1. 1.1.1

        translation: our evi1 is better than your evi1.

        Total B$.

    2. 1.2

      Double bank shot changes to the patent system are a Rube Goldberg mechanism for price control.

      Agreed.

      It’s also a Rube Goldberg mechanism for promoting research, albeit less so than a mechanism for price control. What’s the most direct method? Government funding of scientists. That direct method also comes with all kinds of additional benefits.

      1. 1.2.1

        Your direct method (i.e., communism), had been an abject failure in reality.

        Government funding MUST come from somewhere.

    3. 1.3

      There are other proposals on the table. Take your pick. Drug prices are outrageous – there is across-the-aisle agreement on this, and something will be done.

      “A bill introduced Friday (November 15, 2019) by Sen. Cory Booker aims to form a federal agency that determines drug prices and empowers the U.S. Department of Health and Human Services to penalize companies that charge more by voiding patents or stripping their right to exclusively market a drug.”

      ““Every day, millions of Americans struggle to afford their lifesaving medication while the manufacturers of these drugs profit hand over fist with limited to no oversight,” Booker said in a statement. “On top of that, many of these drugs were developed through research funding from the federal government.”

      “The bill follows Canada’s model for regulating the price of pharmaceuticals in which the Patented Medicine Prices Review Board determines if patented medicines are sold at excessive prices and can order companies to lower the prices or take measures to offset the patentee’s revenues.”

      Read more at: link to law360.com

      1. 1.3.1

        If one is already going to compare costs to costs in other countries, then the comparison shouldn’t be limited to drug prices. Physicians’ salaries in the USA are also outrageous. So are hospital costs. So are malpractice awards and punitive damage awards. There are lots of places where savings could be introduced, it just depends on how socialist you want to get.

      2. 1.3.2

        [T]here is across-the-aisle agreement on this, and something will be done.

        This seems naïve. As Prof. Crouch notes above, “[t]hus Bill is likely to be blocked by Republican leaders in the Senate, although many Republicans have offered some support for “interference” in principle” (emphases added). The “bipartisan” nature of this cause is illusory. The Republican side supports government intervention “in principle,” but never this intervention or that intervention.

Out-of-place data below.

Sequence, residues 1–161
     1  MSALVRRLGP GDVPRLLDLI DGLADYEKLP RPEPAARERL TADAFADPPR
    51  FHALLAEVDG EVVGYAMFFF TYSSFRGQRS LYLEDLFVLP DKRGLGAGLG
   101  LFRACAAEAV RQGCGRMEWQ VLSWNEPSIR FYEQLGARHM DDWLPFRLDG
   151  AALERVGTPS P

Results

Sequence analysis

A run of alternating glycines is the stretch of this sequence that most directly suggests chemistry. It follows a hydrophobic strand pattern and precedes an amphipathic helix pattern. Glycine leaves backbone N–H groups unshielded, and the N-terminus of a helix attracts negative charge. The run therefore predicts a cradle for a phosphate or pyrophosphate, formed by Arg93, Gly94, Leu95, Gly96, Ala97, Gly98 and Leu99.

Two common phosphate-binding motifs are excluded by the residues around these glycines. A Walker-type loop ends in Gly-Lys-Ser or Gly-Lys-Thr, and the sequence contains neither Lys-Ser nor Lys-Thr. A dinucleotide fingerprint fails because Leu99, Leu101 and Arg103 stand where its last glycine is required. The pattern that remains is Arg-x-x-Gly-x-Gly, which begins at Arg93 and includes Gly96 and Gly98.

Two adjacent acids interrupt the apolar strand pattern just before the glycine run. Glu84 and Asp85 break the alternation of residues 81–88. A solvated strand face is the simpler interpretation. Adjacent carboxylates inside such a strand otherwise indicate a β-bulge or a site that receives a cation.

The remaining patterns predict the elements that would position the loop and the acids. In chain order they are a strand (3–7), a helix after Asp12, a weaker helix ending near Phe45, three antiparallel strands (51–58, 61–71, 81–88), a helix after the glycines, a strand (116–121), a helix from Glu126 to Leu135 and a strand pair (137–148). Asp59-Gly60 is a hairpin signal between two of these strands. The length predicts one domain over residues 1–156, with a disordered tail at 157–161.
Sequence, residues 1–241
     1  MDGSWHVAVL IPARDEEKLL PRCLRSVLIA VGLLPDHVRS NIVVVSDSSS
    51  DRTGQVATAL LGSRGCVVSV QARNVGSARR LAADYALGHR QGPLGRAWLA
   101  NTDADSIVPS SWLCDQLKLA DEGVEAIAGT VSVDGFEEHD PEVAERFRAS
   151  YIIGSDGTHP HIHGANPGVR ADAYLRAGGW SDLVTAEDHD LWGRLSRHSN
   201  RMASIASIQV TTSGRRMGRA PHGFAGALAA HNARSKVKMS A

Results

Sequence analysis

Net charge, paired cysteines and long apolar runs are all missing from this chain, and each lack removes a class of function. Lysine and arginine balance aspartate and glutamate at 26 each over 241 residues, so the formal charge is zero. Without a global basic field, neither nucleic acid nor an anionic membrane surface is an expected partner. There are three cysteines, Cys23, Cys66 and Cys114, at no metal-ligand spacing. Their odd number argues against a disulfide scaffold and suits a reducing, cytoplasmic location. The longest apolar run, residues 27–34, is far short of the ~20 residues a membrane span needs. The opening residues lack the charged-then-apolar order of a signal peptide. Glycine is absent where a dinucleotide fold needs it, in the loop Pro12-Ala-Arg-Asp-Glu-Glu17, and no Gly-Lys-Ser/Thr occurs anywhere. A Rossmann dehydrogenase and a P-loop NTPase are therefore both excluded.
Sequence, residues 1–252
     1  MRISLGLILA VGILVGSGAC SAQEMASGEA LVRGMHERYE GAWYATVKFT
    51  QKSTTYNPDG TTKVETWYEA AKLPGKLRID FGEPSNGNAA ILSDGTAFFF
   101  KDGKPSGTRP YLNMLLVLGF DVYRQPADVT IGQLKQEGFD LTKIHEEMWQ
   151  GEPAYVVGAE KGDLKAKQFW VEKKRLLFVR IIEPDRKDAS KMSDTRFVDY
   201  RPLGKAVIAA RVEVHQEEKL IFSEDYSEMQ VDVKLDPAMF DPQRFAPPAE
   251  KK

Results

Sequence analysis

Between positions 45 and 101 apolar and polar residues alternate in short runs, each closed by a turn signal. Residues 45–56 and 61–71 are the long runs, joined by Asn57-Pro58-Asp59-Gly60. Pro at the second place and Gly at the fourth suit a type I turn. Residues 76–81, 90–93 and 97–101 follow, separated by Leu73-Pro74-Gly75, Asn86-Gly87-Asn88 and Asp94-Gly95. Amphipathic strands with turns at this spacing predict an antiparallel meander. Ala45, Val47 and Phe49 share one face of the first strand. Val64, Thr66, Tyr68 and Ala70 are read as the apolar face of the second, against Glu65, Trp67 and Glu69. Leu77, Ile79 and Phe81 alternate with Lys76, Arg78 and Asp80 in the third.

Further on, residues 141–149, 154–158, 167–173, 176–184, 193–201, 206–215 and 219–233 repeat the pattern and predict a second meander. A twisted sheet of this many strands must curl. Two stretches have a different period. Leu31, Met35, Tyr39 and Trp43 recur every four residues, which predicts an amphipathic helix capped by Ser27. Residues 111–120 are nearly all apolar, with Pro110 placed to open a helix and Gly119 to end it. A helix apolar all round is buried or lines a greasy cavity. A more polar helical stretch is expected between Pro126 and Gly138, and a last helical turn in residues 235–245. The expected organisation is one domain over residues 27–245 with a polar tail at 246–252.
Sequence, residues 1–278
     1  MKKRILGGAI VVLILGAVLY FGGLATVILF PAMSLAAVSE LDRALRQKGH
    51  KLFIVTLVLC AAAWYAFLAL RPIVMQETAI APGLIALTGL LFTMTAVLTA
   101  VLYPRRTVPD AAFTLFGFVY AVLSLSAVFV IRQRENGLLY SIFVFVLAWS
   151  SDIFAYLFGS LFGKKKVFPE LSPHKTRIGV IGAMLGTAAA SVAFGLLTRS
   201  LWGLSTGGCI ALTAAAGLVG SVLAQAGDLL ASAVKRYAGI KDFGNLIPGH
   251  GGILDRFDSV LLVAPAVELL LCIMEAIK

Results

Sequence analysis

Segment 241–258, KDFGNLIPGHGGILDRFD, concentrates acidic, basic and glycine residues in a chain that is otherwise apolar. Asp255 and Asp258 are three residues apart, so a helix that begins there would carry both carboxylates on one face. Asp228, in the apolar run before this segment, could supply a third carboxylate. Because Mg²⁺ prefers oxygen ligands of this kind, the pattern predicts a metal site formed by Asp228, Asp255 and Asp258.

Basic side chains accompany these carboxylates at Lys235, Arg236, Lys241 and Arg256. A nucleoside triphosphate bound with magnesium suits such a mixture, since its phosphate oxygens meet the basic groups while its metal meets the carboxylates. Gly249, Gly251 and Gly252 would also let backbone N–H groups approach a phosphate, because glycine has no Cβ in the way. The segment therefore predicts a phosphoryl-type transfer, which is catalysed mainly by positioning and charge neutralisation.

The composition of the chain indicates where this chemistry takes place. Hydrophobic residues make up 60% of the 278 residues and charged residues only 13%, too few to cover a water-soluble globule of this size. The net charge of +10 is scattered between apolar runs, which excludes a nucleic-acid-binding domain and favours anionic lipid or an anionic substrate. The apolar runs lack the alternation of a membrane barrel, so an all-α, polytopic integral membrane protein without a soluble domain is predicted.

N.B., the one actual, tangible intervention undertaken by a Republican power—Pres. Trump’s NIH suing Gilead for infringement—is both unlikely to succeed legally and also vanishingly unlikely to lower any drug prices even if it were to succeed.

        Do not give “both sides” here credit that they do not deserve. Elijah Cumming’s colleagues and Cory Booker are both proposing real solutions and they are on one side. The other side is talking about the price problem, but doing scant little in practice. One party is serious here, and the other is clowning & conning.

        1. 1.3.2.1

          What is naïve is anyone listening to Greg “let me whip out my credentials” Big Pharma mouthpiece DeLassus (or his known and admitted pseudonym of “Dozens”) on how “good” the Pharma industry has been in the pricing game.

    4. 1.4

      True, capping prices in the USA will lower the cost of prescription drugs for US consumers. But because this hasn’t been tried before in the USA (thus allowing companies that develop new drugs to charge US consumers proportionately more to offset R&D costs and to make profits) we don’t know what the effect will be on R&D for new drugs, should such a cap be enacted in the USA. Perhaps some economists have studied this; perhaps even some credible economists with a good track record for predictions have studied this. Maybe investment money will continue to flow to the Eli Lillys, and those companies will continue to develop new drugs; or maybe that money will go elsewhere and we’ll see less new drug development. Who wins/loses in the latter scenario?

      1. 1.4.1

        AM,

        I have provided a better suggestion:

        Simply make everything transparent in the Pharma ecosystem and then that alone would prompt those playing the international markets to have justify every level of profit in each of the different world markets.

        As I have also noted, I am obliged to not share the details that I know, but full visibility would both shut down Greg’s (Big Pharms spin ) game and make Big Pharma actually accountable to the public. Once the actual data is allowed out of the shadows and into the sun light, Pharma explanations would need pass the test of public scrutiny.

        ANY political action after the public sees ALL the data would not smack of “socialist” overtones nearly as much as what you see being put forth here.